Thursday, September 07, 2006

More on Berlin

The Brandenburg Gate

The last time I was in Berlin with my friend Bibsi, around 1990 or a bit before that, the infamous wall had just been knocked down and small bits of it were being sold on Berlin's most famous street, K├╝rfurstendamm Str. (popularly known as the Ku'Damm) by canny entreprenuers - odd shaped pieces of stone and concrete rigged up with bits of barbed wire to lend it an appropriately sombre look. There was a lot of excitement in the air then, people either complaining about the unification and fearing the worst or bubbling with enthusiasm about starting a new life. The difference between east and west was very obvious at the time. West Berlin, like the rest of west Germany looked spanking clean, and wealthy while the east looked drab and grotty, with broken down sidewalks and grass growing between the huge cracks. Also noticeable was the absence of advertisements - of the huge hoardings otherwise looming over buildings and street corners and the traffic lights.

Today the difference is more difficult to spot. When Marlis drove me around day before yesterday I was amazed at how much has been achieved in such a short time. We started out with a look at the western part of the city with its sweeping avenues lined with chic stores and hotels. And I noticed how the eastern part of Berlin has caught up with the west in the short span of a decade or a little more than that. Today you find huge department stores selling all kinds of luxuries, sweeping apartment blocks, fancy restaurants and cafes. The works. Buildings like the Brandenburg Gate and other monuments, which earlier gave the city an oppressive air with their blackened facades have now been restored and almost sparkle with health.

All the sights were pointed out to me - Brandenburg Gate which marks the border between east and west Berlin, which was the site for all the celebrations when the wall came down; the Berlin Cathedral; the lively square at Alexander Platz, the operas and theatres, various museums, huge parks including the "Tiergarten" - an extensive park in Berlin where Marlis said the Love Parade was held. The Love Parade started off in 1989 as a political demonstration in favour of peace and international understanding in Berlin through music. Earlier it used to be held on the Ku'Damm but after 1996 was moved to the Tiergarten Park which provides lots of open space for the crowds which attend it.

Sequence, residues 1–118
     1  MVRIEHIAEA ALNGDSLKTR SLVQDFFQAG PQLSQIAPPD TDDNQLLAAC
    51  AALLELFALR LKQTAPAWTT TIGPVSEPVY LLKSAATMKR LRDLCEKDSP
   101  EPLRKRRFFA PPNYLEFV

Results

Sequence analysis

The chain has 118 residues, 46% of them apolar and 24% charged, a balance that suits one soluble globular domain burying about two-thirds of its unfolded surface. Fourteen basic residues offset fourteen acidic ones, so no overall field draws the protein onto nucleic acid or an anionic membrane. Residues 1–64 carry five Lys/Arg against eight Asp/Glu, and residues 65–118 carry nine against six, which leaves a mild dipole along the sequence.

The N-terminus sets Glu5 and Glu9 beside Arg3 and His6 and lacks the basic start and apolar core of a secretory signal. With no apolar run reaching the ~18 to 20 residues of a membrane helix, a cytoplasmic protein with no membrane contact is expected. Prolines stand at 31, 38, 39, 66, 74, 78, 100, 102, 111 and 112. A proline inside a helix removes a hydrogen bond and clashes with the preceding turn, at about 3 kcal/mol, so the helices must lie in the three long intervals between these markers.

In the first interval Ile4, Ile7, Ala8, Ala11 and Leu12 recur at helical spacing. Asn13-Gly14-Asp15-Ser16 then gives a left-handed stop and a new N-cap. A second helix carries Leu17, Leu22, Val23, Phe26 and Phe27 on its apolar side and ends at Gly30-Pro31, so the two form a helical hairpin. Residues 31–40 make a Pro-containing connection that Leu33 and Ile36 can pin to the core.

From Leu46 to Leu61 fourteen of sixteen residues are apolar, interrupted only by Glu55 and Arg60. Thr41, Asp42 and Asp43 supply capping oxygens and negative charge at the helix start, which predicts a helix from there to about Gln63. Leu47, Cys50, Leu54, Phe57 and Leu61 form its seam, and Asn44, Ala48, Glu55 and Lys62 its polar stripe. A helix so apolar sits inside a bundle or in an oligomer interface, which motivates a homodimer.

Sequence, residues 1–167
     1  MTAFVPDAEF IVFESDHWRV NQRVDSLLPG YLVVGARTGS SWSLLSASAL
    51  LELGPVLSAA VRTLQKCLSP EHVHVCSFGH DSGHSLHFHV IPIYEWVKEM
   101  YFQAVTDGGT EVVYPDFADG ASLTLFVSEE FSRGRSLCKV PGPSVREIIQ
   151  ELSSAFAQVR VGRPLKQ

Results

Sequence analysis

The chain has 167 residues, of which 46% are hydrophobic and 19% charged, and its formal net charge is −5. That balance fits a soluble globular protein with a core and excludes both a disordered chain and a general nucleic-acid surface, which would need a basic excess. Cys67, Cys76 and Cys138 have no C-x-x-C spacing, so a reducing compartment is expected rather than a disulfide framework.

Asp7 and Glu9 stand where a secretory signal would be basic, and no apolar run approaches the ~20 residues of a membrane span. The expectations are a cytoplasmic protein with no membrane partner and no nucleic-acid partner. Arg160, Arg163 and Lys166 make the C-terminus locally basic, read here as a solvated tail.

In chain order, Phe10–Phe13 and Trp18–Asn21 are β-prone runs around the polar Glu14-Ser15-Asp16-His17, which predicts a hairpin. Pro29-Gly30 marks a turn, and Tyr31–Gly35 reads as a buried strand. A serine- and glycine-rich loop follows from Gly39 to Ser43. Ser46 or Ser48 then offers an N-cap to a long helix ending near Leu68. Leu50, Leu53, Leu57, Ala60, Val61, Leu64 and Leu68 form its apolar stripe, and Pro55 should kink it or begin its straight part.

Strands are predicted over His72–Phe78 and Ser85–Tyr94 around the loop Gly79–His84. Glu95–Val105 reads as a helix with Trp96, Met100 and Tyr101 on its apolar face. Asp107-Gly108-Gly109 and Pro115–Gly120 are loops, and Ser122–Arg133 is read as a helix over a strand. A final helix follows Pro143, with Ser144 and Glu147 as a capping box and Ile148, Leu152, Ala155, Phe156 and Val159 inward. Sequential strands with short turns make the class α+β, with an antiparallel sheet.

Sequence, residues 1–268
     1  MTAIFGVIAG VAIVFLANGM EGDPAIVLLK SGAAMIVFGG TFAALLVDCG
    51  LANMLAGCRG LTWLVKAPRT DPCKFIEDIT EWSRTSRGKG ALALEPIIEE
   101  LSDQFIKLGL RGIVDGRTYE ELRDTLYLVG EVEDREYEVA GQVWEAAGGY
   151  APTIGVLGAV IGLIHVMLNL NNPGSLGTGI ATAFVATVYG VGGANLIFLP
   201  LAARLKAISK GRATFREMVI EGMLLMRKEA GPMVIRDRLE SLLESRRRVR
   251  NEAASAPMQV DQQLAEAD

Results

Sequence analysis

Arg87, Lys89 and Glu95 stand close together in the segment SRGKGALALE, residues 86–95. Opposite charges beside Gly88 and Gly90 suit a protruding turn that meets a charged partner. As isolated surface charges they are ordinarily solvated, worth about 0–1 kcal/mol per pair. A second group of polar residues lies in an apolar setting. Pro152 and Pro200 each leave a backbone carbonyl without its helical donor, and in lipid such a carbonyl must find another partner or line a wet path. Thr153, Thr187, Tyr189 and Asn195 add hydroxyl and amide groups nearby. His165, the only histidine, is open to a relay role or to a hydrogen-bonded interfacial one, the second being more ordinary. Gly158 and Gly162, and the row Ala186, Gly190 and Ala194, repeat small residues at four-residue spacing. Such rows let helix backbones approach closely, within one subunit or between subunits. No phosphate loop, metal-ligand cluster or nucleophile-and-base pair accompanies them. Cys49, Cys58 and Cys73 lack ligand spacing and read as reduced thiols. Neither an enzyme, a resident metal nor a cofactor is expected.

It has been an easy stay here with Marlis and Michael. Every morning at about 8:30, before going to work, Michael serves me coffee in bed, a huge bowl of it topped with frothy milk. It's the first time as far as I can remember, that I've been served coffee in bed. Marlis then goes jogging and I settle down to do my yoga exercises, after which she and I retire to the kitchen for a veeery leisurely breakfast, either of Muesli and cream or bread, cheese, salami and orange juice and of course laced with choice gossip and discussion about the work we do with Samuel.

Today has been one of those rather warm sunny days so we decided to have breakfast in a nearby garden cafe. I chose a Spanish omlette which was stuffed with all kinds of vegetables and even had some chilli and Marlis went for scrambled eggs. For some reason they serve 3 eggs per portion instead of the usual 2. Had a leisurely stroll back home and now she is gone for her sewing lesson and I am relaxing here at the computer.

Love Parade 2001

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